Thursday, May 24, 2012

Books on the Brain, part 5

Fiction
In One Person
John Irving

From the publisher: A compelling novel of desire, secrecy, and sexual identity, In One Person is a story of unfulfilled love—tormented, funny, and affecting—and an impassioned embrace of our sexual differences. Billy, the bisexual narrator and main character of In One Person, tells the tragicomic story (lasting more than half a century) of his life as a “sexual suspect,” a phrase first used by John Irving in 1978 in his landmark novel of “terminal cases,” The World According to Garp.


His most political novel since The Cider House Rules and A Prayer for Owen Meany, John Irving's In One Person is a poignant tribute to Billy's friends and lovers—a theatrical cast of characters who defy category and convention. Not least, In One Person is an intimate and unforgettable portrait of the solitariness of a bisexual man who is dedicated to making himself “worthwhile.”

Why it caught my eye: John Irving is absolutely one of my very, very favorite authors. You know who else loves John Irving? My mom. Lucy. It makes me love his books even more. While his recent works haven't captured me quite like some of his earlier novels, I always enjoy his writing and his characters (oh, the characters!) and seeing all of the common threads that he weaves through all of his books.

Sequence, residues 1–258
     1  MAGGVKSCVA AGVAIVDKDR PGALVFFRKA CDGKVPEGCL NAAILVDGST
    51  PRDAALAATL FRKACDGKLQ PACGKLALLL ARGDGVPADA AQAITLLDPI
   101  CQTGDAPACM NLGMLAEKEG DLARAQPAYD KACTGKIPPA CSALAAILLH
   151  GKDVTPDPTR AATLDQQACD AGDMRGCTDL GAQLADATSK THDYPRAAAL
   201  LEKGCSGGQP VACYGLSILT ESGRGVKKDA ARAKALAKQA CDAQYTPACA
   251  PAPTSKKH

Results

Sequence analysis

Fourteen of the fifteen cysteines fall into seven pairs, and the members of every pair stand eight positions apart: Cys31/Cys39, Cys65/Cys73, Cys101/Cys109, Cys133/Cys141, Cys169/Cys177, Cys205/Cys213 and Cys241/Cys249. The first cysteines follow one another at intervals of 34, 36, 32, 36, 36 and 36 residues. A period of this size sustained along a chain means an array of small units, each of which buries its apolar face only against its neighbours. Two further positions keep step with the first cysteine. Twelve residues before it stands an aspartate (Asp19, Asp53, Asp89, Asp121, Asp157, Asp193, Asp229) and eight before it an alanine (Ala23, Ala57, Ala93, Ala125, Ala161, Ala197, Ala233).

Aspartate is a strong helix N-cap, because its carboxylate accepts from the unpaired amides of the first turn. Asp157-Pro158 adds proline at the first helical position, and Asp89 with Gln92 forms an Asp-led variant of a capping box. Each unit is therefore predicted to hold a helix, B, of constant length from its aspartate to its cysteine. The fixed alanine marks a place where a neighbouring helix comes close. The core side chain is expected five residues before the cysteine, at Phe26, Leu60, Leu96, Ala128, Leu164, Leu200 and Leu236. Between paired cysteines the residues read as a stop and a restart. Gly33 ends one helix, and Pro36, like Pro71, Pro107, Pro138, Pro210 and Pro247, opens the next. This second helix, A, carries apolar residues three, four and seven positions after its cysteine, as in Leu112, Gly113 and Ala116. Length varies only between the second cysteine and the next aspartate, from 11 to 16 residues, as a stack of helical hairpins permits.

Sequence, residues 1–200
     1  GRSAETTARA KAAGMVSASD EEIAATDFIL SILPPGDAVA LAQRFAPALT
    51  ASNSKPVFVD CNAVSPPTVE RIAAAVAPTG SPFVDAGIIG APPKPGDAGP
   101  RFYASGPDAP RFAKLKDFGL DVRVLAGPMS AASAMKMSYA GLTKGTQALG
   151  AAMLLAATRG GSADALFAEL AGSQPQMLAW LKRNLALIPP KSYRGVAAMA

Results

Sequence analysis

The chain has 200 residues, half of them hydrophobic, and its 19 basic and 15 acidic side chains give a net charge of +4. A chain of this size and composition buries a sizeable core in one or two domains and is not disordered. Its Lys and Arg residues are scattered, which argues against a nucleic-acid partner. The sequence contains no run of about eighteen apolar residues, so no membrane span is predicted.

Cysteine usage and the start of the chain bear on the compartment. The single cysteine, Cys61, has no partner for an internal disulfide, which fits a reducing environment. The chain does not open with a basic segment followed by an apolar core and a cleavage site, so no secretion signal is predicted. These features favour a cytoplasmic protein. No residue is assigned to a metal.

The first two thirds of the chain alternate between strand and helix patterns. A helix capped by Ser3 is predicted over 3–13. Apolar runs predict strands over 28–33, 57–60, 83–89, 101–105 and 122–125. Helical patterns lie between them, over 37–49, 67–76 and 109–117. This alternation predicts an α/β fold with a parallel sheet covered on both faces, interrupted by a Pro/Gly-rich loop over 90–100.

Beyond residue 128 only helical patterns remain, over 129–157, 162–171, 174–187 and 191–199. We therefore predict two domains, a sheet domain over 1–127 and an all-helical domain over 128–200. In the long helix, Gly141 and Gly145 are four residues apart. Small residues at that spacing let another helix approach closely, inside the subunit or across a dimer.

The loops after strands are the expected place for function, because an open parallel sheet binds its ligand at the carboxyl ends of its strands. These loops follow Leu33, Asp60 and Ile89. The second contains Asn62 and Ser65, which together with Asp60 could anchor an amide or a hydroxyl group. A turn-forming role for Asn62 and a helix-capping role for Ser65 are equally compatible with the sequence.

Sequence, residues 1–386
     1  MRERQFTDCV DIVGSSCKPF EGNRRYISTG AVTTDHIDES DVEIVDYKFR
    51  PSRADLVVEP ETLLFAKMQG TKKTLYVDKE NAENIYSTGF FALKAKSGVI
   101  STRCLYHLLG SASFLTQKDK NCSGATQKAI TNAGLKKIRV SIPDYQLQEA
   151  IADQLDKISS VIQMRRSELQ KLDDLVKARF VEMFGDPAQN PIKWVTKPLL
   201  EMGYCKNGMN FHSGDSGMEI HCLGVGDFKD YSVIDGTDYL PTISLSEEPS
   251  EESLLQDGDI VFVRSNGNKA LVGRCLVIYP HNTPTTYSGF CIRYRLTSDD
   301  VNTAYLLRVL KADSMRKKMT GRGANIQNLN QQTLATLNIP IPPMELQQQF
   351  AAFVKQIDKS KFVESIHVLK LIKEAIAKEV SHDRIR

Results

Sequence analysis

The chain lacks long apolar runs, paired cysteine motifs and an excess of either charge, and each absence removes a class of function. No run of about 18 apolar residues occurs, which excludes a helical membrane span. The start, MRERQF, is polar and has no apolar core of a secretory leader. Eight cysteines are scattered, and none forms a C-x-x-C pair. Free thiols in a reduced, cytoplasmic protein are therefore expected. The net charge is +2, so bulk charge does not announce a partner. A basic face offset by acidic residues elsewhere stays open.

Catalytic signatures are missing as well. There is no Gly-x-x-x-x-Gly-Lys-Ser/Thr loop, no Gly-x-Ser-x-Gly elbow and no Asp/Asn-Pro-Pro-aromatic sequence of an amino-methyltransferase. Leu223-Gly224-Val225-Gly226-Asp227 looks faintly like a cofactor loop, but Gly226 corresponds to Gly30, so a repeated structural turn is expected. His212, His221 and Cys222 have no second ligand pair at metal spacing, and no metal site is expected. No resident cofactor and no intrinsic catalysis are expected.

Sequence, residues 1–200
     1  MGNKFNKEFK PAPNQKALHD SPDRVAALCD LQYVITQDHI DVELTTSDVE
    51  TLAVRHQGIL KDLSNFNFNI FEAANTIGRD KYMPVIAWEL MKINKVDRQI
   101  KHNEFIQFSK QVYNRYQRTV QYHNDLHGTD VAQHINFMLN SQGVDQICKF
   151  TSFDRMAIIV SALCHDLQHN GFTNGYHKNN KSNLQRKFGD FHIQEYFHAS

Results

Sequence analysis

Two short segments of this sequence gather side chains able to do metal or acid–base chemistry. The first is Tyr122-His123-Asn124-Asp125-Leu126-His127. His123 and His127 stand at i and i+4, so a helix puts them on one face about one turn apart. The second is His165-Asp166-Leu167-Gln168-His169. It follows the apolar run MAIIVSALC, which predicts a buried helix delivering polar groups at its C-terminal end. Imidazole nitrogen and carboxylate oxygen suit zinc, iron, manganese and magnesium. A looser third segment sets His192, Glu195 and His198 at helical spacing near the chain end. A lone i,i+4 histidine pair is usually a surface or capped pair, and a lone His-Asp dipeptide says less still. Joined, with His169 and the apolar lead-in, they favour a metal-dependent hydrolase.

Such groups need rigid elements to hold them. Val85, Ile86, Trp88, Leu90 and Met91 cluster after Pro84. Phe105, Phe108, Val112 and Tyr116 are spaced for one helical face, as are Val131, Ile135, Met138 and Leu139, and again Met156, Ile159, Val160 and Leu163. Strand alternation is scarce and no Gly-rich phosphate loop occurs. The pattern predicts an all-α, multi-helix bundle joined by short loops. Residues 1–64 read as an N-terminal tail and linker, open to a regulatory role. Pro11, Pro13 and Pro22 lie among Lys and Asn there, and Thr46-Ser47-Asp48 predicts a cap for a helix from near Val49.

Non-Fiction

Le Road Trip: A Traveler's Journal of Love and France

Vivian Swift

From the publisher: Road trip: those are still the two most inspiring words to vagabonds and couch potatoes alike; after all, the great American spirit was forged by road trippers from the Pilgrims to Lewis and Clark to the Dharma Bums. Le Road Trip combines the appeal of the iconic American quest with France's irresistible allure, offering readers a totally new perspective of life on the road.

Le Road Trip tells the story of one idyllic French honeymoon trip, but it is also a witty handbook of tips and advice on how to thrive as a traveler, a captivating visual record with hundreds of watercolor illustrations, and a chronicle depicting the incomparable charms of being footloose in France. Armchair travelers, die-hard vagabonds, art journalists, and red wine drinkers will all find something to savor in this story.

Why it caught my eye: It's such a gorgeous book, you guys. It came in at the library and I immediately checked it out, even though I have two other books that I absolutely must read. It is written in this fun, short, chatty style. I know that, once I get around to reading it, I'm going to zoom right through it. I am quite certain that it is the perfect book to read during an afternoon in the sunshine. I am quite certain that I will be bit with the travel bug as soon as I start it. It's going to be a good read.

1 comments:

Kari said...

I am ordering this from the library now! I may even have to buy a copy...might be a great book to take to Burma..

 
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